Road Safety Management Services (RSMSL) on Saturday deployed the first batch of tow trucks for the first phase of the National Towing Project expected to be rolled out in full on May 1, 2017.

According to the National Road Safety Commission NRSC, broken-down, disabled and abandoned on Ghana’s major highways and other link and arterial roads contribute averagely to 22 percent of deaths in accidents recorded annually.


With its partnership with the NRSC, DVLA and Ghana Police Service, RSMSL will deploy tow trucks, ambulances, motorbikes and personnel to remove broken-down vehicles across Ghana.

Speaking to the press, the Operations Manager for Road Safety Management Services, Engineer Kojo Osei said the service will be free from 1st April to 1st May 2017

“The piloting is for the month of April which is free. During this period we will be stationed on Tema motorway and its adjourning routes as well as Tetteh Quarshie roundabout, we will also position trucks at all these places. We will cover Mallam to Kosoa stretch; tow trucks will also be positioned at Amasaman, Suhum Bonsu junction and all the way the Ashanti Region (Konongo Odumasi).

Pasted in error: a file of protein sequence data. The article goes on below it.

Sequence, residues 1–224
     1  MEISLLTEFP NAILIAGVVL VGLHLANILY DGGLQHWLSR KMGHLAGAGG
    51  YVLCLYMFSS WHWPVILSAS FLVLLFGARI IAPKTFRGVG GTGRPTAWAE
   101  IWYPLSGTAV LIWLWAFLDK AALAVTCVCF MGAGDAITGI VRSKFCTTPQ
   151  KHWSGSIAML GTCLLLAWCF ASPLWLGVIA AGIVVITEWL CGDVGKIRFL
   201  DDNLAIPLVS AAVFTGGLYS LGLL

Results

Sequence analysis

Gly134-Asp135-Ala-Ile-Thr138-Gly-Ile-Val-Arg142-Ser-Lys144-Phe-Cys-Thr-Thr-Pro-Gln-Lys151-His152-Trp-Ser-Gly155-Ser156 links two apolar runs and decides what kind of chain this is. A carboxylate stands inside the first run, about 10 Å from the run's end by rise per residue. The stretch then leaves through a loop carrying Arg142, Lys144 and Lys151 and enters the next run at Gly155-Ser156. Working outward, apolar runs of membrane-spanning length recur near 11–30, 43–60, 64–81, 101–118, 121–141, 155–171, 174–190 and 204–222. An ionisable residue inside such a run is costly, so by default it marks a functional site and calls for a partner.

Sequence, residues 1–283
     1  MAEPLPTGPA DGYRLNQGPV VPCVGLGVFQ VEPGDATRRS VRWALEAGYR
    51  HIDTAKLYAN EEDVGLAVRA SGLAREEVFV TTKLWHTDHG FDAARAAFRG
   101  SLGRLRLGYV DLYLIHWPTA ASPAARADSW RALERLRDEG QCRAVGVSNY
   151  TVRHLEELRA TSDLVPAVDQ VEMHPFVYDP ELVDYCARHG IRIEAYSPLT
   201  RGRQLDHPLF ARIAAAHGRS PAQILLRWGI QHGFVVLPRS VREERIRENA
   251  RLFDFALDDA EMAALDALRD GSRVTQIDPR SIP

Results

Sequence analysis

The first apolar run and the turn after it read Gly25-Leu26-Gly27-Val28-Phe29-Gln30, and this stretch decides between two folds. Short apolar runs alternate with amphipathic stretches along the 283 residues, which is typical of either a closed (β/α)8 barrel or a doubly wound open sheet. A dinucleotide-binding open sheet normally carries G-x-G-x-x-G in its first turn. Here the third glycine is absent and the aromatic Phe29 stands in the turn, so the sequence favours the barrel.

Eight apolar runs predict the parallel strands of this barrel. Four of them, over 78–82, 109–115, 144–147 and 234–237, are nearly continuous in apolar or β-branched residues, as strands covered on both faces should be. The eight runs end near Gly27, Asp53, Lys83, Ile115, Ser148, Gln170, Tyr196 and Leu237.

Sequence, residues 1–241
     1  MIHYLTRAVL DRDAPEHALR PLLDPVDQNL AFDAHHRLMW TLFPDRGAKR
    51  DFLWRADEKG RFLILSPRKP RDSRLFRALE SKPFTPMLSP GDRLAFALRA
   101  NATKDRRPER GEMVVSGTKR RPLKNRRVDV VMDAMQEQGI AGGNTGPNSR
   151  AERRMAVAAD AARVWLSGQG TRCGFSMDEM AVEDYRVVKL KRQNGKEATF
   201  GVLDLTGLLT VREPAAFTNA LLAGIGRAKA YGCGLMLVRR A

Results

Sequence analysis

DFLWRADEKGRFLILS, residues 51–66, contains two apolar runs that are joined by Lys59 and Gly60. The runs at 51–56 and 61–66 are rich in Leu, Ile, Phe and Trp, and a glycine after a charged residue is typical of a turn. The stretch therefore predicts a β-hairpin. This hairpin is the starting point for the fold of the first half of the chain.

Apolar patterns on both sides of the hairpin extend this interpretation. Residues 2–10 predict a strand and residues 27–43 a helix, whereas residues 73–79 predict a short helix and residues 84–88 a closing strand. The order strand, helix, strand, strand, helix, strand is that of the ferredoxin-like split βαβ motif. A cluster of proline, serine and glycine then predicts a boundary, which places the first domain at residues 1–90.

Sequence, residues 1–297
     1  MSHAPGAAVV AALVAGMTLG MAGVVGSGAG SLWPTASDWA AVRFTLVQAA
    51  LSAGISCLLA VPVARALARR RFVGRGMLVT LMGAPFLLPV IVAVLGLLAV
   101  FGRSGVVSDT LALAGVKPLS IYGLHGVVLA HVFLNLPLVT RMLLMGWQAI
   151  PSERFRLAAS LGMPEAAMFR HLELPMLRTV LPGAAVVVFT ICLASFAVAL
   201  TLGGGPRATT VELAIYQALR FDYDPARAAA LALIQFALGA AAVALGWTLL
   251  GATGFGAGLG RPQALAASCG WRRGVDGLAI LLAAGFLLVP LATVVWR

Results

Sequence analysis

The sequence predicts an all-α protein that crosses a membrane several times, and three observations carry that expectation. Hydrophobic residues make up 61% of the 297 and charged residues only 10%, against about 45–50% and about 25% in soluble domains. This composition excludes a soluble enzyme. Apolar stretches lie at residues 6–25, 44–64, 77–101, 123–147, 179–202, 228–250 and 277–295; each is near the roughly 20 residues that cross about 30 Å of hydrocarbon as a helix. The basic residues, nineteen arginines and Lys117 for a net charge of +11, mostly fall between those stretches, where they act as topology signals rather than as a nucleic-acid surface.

Accident Rates

Causes and rates of accidents have become alarming, especially for factors that could easily be prevented with the right approaches and a change in human behaviour, according to the NRSC.

The NRSC has urged road users to comply with all road regulations to enhance safety on the roads.

The advice comes in the wake of the alarming spate of accidents in recent times, which the Commission believes was preventable.

2,890 road crashes in 2017

Ghana Police MTTD records indicate that 2890 road crashes were recorded from January-March 25 2017 as against 2830 recorded in the same period in 2016.

Over 426 deaths and 2523 injuries have since been recorded.

One of the deaths included a former MP for Akwatia, Dr.  Kofi Asare, who died after colliding with a broken down vehicle on the Nkawkaw stretch,.

Pilot Deployment

The deployment by RSMSL is to have a further clampdown and management of broken-down vehicles on Ghana’s roads before a full deployment from May 1, 2017 when the National Towing Project commences.

By: Philip Nii Lartey/